5

I've got two instances of a SessionScoped CDI bean for the same session. I was under the impression that there would be one instance generated for me by CDI, but it generated two. Am I misunderstanding how CDI works, or did I find a bug?

Here is the bean code:

package org.mycompany.myproject.session;

import java.io.Serializable;
import javax.enterprise.context.SessionScoped;
import javax.faces.context.FacesContext;
import javax.inject.Named;
import javax.servlet.http.HttpSession;

@Named @SessionScoped public class MyBean implements Serializable {
    private String myField = null;

    public MyBean() {
        System.out.println("MyBean constructor called");

        FacesContext fc = FacesContext.getCurrentInstance();
        HttpSession session = (HttpSession)fc.getExternalContext().getSession(false);
        String sessionId = session.getId();
        System.out.println("Session ID: " + sessionId);
    }

    public String getMyField() {
        return myField;
    }

    public void setMyField(String myField) {
        this.myField = myField;
    }
}

Here is the Facelet code:

<?xml version='1.0' encoding='UTF-8' ?> 
<!DOCTYPE html PUBLIC "-//W3C//DTD XHTML 1.0 Transitional//EN" "http://www.w3.org/TR/xhtml1/DTD/xhtml1-transitional.dtd">
<html xmlns="http://www.w3.org/1999/xhtml"
  xmlns:h="http://java.sun.com/jsf/html"
  xmlns:f="http://java.sun.com/jsf/core">
<f:view contentType="text/html" encoding="UTF-8">
    <h:head>
        <title>Test</title>
    </h:head>
    <h:body>
        <h:form id="form">
            <h:inputText value="#{myBean.myField}"/>
            <h:commandButton value="Submit"/>
        </h:form>
    </h:body>
</f:view>
</html>

Here is the output from deployment and navigating to page:

INFO: Loading application org.mycompany_myproject_war_1.0-SNAPSHOT at /myproject
INFO: org.mycompany_myproject_war_1.0-SNAPSHOT was successfully deployed in 8,237 milliseconds.
INFO: MyBean constructor called
INFO: Session ID: 175355b0e10fe1d0778238bf4634
INFO: MyBean constructor called
INFO: Session ID: 175355b0e10fe1d0778238bf4634

Using GlassFish 3.0.1

3
  • 1
    I was actually alerted to the above problem by a related one: calling a non-final method in a constructor (or initializer block) causes unintended effects with CDI. I've since read that using a non-final method is not advised (download.oracle.com/javase/tutorial/java/javaOO/initial.html). If I use a non-final method to intialize a List in a CDI bean then the intitializer is called twice! Note: CDI doesn't allow final methods and will throw a Runtime Exception stating that the bean is not proxyable. The "fix" is to not call the non-final method and do all work in the initilizer block.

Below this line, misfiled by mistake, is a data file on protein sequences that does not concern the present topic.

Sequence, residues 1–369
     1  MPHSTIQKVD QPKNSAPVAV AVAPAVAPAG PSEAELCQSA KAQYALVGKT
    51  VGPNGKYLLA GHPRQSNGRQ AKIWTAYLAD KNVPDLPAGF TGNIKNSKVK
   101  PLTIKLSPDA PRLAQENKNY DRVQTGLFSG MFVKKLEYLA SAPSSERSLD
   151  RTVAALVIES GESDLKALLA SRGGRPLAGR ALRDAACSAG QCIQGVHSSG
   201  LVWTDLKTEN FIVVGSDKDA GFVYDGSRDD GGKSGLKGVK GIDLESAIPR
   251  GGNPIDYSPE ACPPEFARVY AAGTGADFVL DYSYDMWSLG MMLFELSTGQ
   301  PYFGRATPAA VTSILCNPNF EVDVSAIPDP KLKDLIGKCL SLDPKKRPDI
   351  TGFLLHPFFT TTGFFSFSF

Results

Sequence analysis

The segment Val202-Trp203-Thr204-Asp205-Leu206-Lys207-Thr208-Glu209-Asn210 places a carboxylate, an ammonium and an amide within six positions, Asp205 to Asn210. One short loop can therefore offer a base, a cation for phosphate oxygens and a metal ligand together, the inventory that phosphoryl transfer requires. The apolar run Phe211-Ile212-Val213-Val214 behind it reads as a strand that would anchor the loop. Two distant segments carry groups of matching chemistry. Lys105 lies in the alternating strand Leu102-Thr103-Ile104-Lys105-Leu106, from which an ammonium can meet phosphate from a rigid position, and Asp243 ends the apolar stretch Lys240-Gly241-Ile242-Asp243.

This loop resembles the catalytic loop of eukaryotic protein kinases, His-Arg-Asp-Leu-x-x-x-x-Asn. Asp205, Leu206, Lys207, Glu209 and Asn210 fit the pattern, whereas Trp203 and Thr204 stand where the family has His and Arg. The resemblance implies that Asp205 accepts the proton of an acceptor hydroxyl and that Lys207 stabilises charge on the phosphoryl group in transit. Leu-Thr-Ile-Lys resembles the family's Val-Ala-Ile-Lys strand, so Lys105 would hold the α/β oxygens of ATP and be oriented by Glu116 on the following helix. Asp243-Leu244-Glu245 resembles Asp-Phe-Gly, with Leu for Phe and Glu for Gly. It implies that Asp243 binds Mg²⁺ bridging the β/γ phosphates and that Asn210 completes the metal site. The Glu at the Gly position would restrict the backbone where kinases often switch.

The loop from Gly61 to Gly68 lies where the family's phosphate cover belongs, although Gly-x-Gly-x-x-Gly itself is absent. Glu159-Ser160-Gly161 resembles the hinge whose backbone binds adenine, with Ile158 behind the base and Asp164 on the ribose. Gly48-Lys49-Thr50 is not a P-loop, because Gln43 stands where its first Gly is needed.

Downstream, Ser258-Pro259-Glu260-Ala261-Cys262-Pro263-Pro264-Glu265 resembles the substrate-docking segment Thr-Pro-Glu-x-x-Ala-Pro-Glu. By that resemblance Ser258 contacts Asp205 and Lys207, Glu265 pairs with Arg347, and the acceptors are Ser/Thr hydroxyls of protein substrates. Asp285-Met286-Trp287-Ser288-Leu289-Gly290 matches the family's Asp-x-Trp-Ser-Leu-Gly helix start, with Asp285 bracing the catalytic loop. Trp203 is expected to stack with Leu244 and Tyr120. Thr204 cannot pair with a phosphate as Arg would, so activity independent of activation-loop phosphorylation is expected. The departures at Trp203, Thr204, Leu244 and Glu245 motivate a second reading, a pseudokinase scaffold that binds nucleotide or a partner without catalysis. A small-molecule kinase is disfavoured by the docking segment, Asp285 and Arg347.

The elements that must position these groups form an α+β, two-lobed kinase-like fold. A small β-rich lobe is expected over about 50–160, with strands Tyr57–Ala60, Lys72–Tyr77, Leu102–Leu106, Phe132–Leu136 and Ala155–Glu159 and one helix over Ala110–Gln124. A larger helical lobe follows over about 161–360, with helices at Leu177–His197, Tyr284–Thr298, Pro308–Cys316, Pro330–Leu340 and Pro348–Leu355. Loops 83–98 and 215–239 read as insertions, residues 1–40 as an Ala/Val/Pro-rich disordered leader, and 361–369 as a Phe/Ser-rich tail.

– Ryan
    Jan 4, 2011 at 15:26
  • I've noticed that if I define an init method annotated with @PostConstruct that it is only called once (despite two instances of the bean being created). I'm guessing that CDI is creating a pool of instances of my bean and calls post construct as it pulls them out of the pool. I guess associating the instance of the bean that is still in the pool with the current HTTP session is meaningless.
    – Ryan
    Jan 4, 2011 at 15:42
  • 1
    See my response further below. The 2 instances 1st is the contextual instance, 2nd is the proxy. The @PostConstruct will of course only get called for the contextual instance and not for the proxy.
    – struberg
    Aug 19, 2011 at 16:50

2 Answers 2

6

Ryan, as covener already wrote, the constructor will also get called for each and every proxy for that bean. This is a standard behaviour of all proxy mechanisms which provide not only interface-proxying (like java.lang.reflect.proxy stuff) but real class-proxying.

Also imagine that the ct will also be called for each and every serialization. So if you work on a heavily load balanced cluster, you will see this lots of times. So please use @PostConstruct for beans in general.

LieGrue, strub

4
  • Thanks for the response. I'm still not understanding either of you though. I'm aware of alternative ways to prepare a bean for use such as the PostConstruct lifecycle callback and the preRenderView system event; and that's great. My question is why are two instances of a session scoped bean being created in a very simple test with only one user hitting the server. I'm not talking about a heavy loaded server with load balancing and clustering. Is more than one proxy being created? If so, why? Or maybe each proxy is backed by two instances of the bean? If so, why?
    – Ryan
    Jun 28, 2011 at 1:27
  • 2
    Ryan, I know all the proxy stuff is not that easy, but getting 2 constructor invocations is perfectly fine. 1st instance is the contextual instance itself. This is the bean you will get stored in the SessionContext. 2nd instance is the proxy. If you look closely with the debugger or you print out the class in the constructor, then you will see that this is in fact a subclass of your bean!
    – struberg
    Aug 19, 2011 at 16:45
  • One is the proxy and one is the actual bean. Got it. Seems like you must be careful what you put in a constructor when using CDI.
    – Ryan
    Sep 2, 2011 at 12:15
  • not only in CDI - also in Spring, EJB, JPA, etc. Basically in all frameworks which do some kind of proxying, serialisation and instance management in any form.
    – struberg
    Sep 12, 2011 at 19:18
3

It's likely that your CDI implementation calls the underlying beans default constructor when newing up proxies to use for injection points -- this is the default behavior of javassist which is used in weld and openwebbeans.

Avoid heavy lifting in your default constructor, moving it into @PostConstruct if you can!

1
  • OK, but why are two being created? Does CDI create a pool?
    – Ryan
    Jun 9, 2011 at 12:57

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